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Metro North

Written by: Mark Doty | Biography
 | Quotes (1) |
 Over the terminal,
 the arms and chest
 of the god

brightened by snow.
 Formerly mercury,
 formerly silver,

surface yellowed
 by atmospheric sulphurs
 acid exhalations,

and now the shining
 thing's descendant.
 Obscure passages,

dim apertures:
 these clouded windows
 show a few faces

or some empty car's
 filmstrip of lit flames
 --remember them

from school,
 how they were supposed
 to teach us something?--

waxy light hurrying
 inches away from the phantom
 smudge of us, vague

in spattered glass. Then
 daylight's soft charcoal
 lusters stone walls

and we ascend to what
 passes for brightness,
 this February,

scumbled sky
 above graduated zones
 of decline:

dead rowhouses,
 charred windows'
 wet frames

around empty space,
 a few chipboard polemics
 nailed over the gaps,

speeches too long
 and obsessive for anyone
 on this train to read,

sealing the hollowed interiors
 --some of them grand once,
 you can tell by

the fillips of decoration,
 stone leaves, the frieze
 of sunflowers.

Desolate fields--open spaces,
 in a city where you
 can hardly turn around!--

seem to center
 on little flames,
 something always burning

in a barrel or can
 As if to represent

dogged persistence?
 Though whether what burns
 is will or rage or

harsh amalgam
 I couldn't say.
 But I can tell you this,

what I've seen that
 won my allegiance most,
 though it was also

the hallmark of our ruin,
 and quick as anything
 seen in transit:

where Manhattan ends
 in the narrowing
 geographical equivalent

of a sigh (asphalt,
 arc of trestle, dull-witted
 industrial tanks

and scaffoldings, ancient now,
 visited by no one)
 on the concrete

embankment just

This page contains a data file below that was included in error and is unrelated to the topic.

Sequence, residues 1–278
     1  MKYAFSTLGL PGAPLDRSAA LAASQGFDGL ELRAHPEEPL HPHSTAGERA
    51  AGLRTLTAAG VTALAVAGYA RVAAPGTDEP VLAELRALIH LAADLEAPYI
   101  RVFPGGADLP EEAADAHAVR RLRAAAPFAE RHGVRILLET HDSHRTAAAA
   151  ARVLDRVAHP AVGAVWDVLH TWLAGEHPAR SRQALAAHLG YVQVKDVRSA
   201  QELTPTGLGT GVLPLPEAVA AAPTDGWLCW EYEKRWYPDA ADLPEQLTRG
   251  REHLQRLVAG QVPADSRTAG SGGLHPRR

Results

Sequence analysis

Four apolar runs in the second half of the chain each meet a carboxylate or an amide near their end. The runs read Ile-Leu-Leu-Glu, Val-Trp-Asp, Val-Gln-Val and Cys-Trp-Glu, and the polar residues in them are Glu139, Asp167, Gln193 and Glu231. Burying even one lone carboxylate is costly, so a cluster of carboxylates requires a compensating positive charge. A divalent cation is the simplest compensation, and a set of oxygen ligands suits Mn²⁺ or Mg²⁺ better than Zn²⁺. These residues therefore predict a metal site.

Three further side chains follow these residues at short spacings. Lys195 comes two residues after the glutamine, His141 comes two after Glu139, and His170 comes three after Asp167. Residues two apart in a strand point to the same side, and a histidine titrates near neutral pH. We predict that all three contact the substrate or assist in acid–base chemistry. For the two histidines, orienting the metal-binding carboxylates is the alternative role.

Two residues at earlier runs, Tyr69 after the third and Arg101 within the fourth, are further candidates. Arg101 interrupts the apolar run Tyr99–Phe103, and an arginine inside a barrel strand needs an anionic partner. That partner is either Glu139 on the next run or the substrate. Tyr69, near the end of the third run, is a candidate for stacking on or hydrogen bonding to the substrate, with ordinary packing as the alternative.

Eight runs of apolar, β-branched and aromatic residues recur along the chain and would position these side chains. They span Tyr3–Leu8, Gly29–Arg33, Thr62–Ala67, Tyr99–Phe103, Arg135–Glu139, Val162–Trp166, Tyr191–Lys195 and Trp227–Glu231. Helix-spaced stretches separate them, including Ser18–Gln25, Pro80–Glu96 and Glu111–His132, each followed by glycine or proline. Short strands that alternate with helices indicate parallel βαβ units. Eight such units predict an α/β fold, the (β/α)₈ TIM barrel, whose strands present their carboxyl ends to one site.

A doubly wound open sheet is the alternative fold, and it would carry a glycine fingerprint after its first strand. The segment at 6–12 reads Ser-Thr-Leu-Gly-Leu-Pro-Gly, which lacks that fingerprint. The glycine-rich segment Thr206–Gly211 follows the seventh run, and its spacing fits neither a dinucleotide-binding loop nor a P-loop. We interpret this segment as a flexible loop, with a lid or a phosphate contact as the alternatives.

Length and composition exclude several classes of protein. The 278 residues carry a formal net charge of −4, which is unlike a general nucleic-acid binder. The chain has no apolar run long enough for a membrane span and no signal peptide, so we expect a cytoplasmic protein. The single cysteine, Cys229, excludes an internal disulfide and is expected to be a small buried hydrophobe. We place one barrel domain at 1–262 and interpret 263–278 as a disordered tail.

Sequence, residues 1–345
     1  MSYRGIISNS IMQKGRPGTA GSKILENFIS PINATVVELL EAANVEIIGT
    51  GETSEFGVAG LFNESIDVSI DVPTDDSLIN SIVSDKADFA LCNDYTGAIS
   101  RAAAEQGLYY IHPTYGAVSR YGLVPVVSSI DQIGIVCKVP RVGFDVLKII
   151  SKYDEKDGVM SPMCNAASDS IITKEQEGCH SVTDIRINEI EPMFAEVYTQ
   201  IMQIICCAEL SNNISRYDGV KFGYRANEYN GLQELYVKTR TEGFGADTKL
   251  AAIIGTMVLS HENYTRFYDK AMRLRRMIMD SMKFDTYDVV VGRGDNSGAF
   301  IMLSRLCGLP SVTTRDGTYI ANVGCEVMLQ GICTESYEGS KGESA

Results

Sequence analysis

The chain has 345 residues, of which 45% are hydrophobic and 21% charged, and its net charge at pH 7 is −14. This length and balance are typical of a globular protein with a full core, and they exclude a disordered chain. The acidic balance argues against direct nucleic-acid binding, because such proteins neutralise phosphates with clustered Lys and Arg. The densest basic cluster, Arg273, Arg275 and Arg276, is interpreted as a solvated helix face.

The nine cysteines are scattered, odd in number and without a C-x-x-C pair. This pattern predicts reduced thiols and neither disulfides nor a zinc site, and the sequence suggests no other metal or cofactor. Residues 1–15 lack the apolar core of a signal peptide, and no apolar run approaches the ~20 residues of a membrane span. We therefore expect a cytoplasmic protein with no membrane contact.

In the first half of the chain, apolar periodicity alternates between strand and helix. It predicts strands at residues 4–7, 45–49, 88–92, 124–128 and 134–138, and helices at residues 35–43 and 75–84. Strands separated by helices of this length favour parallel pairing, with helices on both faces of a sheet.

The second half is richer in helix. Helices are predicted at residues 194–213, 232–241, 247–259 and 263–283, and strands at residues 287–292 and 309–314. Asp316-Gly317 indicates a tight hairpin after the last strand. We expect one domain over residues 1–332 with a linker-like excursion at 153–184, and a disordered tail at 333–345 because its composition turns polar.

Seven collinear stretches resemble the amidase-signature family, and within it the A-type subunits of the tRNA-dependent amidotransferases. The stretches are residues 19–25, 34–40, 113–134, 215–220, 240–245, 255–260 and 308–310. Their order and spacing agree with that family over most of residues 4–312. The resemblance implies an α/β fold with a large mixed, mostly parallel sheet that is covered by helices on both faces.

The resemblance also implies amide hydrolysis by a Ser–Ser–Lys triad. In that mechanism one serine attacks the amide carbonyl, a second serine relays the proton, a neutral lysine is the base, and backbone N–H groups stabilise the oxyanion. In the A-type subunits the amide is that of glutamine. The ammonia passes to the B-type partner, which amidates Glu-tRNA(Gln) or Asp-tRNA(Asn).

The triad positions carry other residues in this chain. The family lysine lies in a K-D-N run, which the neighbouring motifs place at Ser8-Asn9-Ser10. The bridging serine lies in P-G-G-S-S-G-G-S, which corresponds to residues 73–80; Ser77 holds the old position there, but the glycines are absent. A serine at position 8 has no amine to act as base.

above the river,
 a sudden density

and concentration
 of trash, so much
 I couldn't pick out

any one thing
 from our rising track
 as it arced onto the bridge

over the fantastic
 accumulation of jetsam
 and contraband

strewn under
 the uncompromising
 vault of heaven.

An unbelievable mess,
 so heaped and scattered
 it seemed the core

of chaos itself--
 but no, the junk was arranged
 in rough aisles,

someone's intimate
 clutter and collection,
 no walls but still

a kind of apartment
 and a fire ribboned out
 of a ruined stove,

and white plates
 were laid out
 on the table beside it.

White china! Something
 was moving, and
 --you understand

it takes longer to tell this
 than to see it, only
 a train window's worth

of actuality--
 I knew what moved
 was an arm,

the arm of the (man
 or woman?) in the center
 of that hapless welter

in layer upon layer
 of coats blankets scarves
 until the form

constituted one more
 gray unreadable;

was lifting a hammer,
 and bringing it down
 again, tapping at

what work
 I couldn't say;
 whoever, under

the great exhausted dome
 of winter light,
 which the steep

and steel surfaces of the city
 made both more soft
 and more severe,

was making something,
 or repairing,
 was in the act

(sheer stubborn nerve of it)
 of putting together.
 Who knows what.

(And there was more,
 more I'd take all spring
 to see. I'd pick my seat

and set my paper down
 to study him again
 --he, yes, some days not

at home though usually
 in, huddled
 by the smoldering,

and when my eye wandered
 --five-second increments
 of apprehension--I saw

he had a dog!
 Who lay half in
 half out his doghouse

in the rain, golden head
 resting on splayed paws.
 He had a ruined car,

and heaps of clothes,
 and things to read--
 was no emblem,

in other words,
 but a citizen,
 who'd built a citizen's

household, even
 on the literal edge,
 while I watched

from my quick,
 high place, hurtling
 over his encampment

by the waters of Babylon.)
 Then we were gone,
 in the heat and draft

of our silver, rattling
 over the river
 into the South Bronx,

against whose greasy
 skyline rose that neoned
 billboard for cigarettes

which hostages
 my attention, always,
 as it is meant to do,

its motto ruby
 in the dark morning: